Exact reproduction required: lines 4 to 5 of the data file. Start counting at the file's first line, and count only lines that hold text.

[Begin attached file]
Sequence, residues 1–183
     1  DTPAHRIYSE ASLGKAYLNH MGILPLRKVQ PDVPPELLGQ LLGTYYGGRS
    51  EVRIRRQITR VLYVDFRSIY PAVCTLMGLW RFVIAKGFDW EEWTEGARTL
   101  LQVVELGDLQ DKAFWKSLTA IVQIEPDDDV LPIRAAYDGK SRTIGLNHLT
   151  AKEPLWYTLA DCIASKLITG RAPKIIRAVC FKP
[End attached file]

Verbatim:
   101  LQVVELGDLQ DKAFWKSLTA IVQIEPDDDV LPIRAAYDGK SRTIGLNHLT
   151  AKEPLWYTLA DCIASKLITG RAPKIIRAVC FKP